La Marca di San Michele
Marche is Italy’s sleeper region for fine wine. Snug between Tuscany, Umbria and the Adriatic (with Emilia-Romagna to the north and Abruzzo to the south), the region is home to underrated Sangiovese and Montepulciano, as well as one of Italy’s greatest white grapes, Verdicchio. For years, I’ve been entranced with what Verdicchio I can find stateside from the appellation of Castelli di Jesi. (Those from Matelica are harder to find). However, I have hesitated to list any single winery as essential because the playing field has seemed so level.
That is, until I came upon La Marca di San Michele.
This organic winery produces four wines: a 100% Montepulciano that is not yet imported to the United States, a col fondo Extra Brut that will debut in America next year, and then two wines that make them qualify for inclusion on the Essential Winemakers list: a Verdicchio dei Castelli di Jesi Classico Superiore DOC called “Capovolto” and the wildly complex and sumptuous Castelli di Jesi Verdicchio Riserva DOCG called “Passolento.”
…And Why They Stand Out
This small family estate in Cupramontana is typical of the Castelli di Jesi zone: independent, small production, family-oriented. But they rise above because their Verdicchio wines achieve a richness and depth that is counter-balanced by freshness and ethereal lightness. Great wines play tricks on your brain. Both Capovolto and Passolento do this: “Are you light or serious? Playful or soulful?”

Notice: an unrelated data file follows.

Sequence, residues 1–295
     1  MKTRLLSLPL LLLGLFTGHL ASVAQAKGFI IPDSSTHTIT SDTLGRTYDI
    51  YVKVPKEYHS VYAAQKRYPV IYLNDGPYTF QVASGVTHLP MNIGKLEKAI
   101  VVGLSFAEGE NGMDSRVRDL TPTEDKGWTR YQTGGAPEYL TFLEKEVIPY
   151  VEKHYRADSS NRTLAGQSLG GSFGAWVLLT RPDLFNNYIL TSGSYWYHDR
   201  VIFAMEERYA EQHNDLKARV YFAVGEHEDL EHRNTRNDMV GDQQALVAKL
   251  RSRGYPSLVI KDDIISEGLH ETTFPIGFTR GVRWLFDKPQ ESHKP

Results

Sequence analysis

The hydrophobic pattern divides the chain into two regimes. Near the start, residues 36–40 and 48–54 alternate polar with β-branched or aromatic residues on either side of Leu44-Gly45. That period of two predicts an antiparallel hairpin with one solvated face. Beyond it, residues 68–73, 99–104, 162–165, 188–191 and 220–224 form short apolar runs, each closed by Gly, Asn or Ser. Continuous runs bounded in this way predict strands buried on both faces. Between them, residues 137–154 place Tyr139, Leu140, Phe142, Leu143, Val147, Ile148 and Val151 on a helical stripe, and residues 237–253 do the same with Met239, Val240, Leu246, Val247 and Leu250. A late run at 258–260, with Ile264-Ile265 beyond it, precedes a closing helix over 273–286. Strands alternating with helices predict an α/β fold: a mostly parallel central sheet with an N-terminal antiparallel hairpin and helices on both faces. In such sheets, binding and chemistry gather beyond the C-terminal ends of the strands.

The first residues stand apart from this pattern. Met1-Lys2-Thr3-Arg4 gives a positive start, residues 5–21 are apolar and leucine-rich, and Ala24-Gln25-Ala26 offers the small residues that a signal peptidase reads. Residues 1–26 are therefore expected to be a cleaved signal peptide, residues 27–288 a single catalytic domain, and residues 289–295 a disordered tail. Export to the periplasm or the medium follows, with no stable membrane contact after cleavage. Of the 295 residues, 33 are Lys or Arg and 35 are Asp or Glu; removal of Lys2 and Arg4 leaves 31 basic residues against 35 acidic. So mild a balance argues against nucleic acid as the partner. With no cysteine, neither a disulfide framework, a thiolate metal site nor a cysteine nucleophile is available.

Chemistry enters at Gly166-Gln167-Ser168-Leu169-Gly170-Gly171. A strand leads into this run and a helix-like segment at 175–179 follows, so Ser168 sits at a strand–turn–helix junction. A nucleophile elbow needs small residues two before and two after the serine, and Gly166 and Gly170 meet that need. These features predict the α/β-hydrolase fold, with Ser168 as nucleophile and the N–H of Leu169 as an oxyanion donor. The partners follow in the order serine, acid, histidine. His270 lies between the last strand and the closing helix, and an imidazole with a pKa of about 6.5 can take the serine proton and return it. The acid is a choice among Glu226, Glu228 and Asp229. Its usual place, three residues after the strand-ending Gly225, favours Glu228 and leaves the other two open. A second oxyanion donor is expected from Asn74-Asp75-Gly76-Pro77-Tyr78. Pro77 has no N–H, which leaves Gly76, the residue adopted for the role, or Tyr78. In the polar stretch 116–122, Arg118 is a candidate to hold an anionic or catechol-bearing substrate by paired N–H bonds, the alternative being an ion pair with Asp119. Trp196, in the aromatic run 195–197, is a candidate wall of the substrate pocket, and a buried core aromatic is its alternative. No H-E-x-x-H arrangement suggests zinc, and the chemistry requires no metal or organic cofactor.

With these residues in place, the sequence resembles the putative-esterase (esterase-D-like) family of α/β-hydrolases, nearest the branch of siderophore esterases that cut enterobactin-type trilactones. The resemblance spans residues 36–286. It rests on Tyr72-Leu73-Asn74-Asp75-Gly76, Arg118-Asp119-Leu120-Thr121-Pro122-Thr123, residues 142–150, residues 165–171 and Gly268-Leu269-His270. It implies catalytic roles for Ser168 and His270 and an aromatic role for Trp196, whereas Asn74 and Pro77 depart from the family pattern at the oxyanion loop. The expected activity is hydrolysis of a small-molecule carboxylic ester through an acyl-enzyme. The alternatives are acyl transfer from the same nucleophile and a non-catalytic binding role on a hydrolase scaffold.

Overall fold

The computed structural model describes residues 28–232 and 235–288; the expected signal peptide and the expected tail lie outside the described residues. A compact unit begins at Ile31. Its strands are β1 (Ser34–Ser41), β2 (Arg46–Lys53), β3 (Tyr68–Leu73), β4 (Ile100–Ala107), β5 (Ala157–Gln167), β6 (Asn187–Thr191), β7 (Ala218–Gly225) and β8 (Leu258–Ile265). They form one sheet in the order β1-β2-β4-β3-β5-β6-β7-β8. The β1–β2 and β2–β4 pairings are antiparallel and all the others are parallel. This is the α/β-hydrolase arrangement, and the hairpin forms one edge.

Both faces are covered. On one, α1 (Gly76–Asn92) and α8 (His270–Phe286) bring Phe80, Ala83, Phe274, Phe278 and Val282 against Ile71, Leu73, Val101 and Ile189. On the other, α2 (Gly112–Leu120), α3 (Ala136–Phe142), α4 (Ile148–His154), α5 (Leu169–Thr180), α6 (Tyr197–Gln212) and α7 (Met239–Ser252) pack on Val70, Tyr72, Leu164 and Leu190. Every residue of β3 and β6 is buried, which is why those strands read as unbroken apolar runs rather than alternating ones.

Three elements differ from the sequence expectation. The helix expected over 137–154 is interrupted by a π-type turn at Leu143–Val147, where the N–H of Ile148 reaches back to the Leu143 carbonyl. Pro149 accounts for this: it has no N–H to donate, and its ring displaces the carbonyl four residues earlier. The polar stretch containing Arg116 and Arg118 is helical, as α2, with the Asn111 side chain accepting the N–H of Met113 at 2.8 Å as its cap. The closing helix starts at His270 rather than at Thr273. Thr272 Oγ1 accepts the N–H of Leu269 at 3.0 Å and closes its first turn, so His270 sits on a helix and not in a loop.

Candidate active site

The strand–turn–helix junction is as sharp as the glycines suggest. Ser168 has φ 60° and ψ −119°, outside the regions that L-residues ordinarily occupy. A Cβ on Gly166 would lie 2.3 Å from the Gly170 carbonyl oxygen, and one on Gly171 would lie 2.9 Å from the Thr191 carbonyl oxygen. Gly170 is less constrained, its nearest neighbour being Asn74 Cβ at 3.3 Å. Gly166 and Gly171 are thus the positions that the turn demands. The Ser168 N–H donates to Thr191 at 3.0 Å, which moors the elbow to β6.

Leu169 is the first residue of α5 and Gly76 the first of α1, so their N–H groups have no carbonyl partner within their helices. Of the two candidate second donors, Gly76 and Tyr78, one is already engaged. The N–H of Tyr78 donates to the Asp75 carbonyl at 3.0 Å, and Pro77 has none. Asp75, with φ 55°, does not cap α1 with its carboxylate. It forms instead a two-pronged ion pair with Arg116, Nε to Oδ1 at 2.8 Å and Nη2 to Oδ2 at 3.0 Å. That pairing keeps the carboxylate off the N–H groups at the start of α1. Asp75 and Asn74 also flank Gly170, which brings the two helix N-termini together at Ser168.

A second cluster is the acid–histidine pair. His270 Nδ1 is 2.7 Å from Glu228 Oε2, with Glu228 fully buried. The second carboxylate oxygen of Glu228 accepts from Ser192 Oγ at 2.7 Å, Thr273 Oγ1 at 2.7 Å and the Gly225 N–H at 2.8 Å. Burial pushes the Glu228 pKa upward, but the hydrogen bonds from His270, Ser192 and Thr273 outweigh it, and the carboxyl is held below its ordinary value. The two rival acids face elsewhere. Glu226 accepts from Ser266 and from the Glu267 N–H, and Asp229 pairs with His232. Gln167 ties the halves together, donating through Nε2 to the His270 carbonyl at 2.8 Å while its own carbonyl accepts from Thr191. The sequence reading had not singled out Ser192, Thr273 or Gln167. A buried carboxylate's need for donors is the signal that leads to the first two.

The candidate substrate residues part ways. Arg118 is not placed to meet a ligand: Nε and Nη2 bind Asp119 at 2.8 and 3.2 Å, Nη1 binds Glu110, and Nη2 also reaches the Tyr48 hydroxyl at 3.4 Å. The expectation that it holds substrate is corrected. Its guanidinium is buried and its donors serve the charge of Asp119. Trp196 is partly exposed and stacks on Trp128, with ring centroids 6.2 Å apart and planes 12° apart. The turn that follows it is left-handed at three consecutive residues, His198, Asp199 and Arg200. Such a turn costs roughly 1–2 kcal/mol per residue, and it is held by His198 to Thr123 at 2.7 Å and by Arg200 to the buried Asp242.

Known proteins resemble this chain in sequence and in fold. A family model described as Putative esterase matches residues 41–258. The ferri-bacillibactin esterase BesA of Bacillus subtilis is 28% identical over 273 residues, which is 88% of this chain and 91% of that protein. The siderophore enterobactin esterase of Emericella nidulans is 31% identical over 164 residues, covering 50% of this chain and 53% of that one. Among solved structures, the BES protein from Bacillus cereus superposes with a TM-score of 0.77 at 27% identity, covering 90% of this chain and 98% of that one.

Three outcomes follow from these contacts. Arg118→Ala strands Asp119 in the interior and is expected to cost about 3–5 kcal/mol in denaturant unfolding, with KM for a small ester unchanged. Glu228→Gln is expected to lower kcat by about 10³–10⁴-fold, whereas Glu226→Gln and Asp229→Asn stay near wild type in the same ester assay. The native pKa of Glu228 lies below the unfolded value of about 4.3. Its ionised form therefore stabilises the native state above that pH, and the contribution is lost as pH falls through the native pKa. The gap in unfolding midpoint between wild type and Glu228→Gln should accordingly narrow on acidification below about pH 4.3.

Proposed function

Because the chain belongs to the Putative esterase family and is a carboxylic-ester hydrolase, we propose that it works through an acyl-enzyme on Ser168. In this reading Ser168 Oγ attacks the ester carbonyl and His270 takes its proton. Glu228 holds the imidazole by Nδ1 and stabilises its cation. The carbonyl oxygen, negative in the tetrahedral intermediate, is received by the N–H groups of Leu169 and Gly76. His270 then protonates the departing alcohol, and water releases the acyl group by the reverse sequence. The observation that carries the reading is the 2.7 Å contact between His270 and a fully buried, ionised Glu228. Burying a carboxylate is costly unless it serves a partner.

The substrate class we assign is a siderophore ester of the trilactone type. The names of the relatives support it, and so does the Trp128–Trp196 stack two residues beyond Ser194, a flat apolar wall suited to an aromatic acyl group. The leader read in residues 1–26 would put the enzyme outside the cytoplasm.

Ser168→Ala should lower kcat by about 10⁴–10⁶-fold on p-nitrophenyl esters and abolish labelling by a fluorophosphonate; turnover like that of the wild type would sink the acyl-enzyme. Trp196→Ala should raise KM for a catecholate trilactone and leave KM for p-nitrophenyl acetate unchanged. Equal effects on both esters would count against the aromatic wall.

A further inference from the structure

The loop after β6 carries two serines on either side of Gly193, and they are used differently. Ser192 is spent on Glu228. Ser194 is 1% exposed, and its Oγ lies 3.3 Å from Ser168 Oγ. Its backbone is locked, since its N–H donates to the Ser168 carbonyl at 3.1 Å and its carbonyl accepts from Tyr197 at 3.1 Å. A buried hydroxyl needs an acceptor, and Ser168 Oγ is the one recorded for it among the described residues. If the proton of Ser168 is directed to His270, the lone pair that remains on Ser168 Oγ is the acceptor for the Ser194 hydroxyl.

“Why not be all of them?” they respond.
From my experience, Castelli di Jesi wineries tend to put all their eggs in the riserva basket, leaving their DOC-level wines simple and straightforward. The Capovolto (La Marca di San Michele’s entry-level wine) defies this trend with its zesty, herbaceous finish that lingers. The length of this finish alone makes it the best wine in its class.
La Marca di San Michele’s riserva, Passolento, is a show-stopper. Rather than compare it to other wines of Castelli di Jesi, it forced me to compare it to Campagna’s Fiano and Greco, as well as some of the great whites I’ve tasted from Burgundy. Passolento is fermented in large 10hl Slavonian oak botti, and it recalls crisp pears, white flowers, key lime, sassafras and a distinct thread of roasted almonds. As complex as the tones are, Passolento’s creamy texture gives the wine a luxurious feel. Like great Chablis, it is a mood lifter. When wine can alter your state — and I’m not talking about alcohol — it’s best to take note.
Visiting La Marca di San Michele
La Marca di San Michele accepts visitors Monday through Friday, 9am–noon and 3-6pm, and Saturday by appointment. As with all small, family wineries, contact them in advance to set an appointment.
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